Durham’s civil rights heritage
During the civil rights era, the Rev. Martin Luther King Jr., made five public appearances in Durham. The most dramatic was on Feb. 16, 1960, when he visited the Woolworth's lunch counter downtown, which had been closed after sit-in demonstrations there the previous week. The lunch counter sit-in movement had begun Feb. 1, 1960, at the Greensboro Woolworth’s and was sweeping the Jim Crow South. With King are Garson McLeod, Durham County sheriff’s deputy, at left; Rev. Douglas Moore, who led Durham's first sit-in, at the Royal Ice Cream Company, in 1957; and an unidentified man.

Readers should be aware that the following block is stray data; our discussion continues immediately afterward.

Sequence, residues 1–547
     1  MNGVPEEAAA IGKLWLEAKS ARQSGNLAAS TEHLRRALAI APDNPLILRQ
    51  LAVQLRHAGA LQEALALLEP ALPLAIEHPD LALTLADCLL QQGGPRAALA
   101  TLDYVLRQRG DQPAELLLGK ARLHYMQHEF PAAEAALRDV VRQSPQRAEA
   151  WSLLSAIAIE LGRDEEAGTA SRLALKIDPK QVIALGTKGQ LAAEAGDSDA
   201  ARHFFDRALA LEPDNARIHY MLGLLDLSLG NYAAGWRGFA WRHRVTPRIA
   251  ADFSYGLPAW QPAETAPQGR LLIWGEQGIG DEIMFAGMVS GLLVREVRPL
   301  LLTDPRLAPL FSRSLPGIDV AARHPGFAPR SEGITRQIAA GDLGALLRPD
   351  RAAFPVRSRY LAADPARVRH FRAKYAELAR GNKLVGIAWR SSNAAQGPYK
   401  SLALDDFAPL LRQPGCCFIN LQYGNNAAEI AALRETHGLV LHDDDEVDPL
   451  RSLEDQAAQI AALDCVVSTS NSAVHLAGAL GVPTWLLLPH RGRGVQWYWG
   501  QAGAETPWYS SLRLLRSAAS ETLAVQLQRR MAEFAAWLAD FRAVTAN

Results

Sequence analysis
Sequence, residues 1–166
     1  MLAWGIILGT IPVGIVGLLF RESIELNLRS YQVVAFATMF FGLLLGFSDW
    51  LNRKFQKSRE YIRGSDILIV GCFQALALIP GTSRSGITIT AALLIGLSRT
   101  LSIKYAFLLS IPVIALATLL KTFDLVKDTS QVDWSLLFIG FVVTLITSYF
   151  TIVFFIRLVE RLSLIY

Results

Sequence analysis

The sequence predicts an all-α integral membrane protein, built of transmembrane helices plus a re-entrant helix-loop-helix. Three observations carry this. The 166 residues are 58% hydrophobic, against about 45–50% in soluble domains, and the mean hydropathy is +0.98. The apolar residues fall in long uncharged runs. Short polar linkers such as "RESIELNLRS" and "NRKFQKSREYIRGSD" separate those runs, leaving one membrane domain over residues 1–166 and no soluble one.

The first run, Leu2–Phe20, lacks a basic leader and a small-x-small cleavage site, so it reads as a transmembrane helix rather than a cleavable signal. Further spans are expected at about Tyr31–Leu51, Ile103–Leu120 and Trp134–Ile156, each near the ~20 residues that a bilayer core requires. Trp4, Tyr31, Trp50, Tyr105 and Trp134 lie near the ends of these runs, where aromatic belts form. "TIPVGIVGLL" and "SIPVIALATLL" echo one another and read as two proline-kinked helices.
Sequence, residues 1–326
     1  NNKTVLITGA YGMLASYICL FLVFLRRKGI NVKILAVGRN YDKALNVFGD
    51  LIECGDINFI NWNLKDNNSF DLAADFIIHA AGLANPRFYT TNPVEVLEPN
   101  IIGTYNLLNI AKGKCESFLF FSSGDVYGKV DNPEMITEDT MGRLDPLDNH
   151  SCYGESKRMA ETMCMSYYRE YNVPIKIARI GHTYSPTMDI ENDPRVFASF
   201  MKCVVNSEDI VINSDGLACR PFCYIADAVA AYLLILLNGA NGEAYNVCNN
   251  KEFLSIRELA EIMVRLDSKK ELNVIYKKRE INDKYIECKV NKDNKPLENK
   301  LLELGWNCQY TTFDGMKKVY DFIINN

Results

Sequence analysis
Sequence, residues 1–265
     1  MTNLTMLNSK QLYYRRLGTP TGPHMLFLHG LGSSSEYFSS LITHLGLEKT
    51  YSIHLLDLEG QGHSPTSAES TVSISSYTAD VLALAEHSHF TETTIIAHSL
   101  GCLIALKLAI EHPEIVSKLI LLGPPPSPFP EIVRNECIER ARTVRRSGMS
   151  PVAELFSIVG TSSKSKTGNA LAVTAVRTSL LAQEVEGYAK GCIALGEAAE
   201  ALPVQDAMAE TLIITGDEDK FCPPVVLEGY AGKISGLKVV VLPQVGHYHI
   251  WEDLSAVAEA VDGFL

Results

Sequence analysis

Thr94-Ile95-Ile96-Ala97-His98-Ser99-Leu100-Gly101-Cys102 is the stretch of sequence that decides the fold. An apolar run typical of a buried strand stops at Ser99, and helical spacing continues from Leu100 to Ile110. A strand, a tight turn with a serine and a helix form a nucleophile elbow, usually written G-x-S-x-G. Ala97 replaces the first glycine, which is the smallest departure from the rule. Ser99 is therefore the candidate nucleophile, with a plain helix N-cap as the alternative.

Although the Royal Ice Cream sit-in Moore organized did not get a lot of support from the black community, it set the stage for future protests locally and beyond. It is documented that the Greensboro Woolworth’s protesters knew about and were perhaps inspired by the Royal Ice Cream sit-in. By the time the 1960 sit-ins reached Durham, the views of the town’s black citizens had changed, with most being in favor of the protests.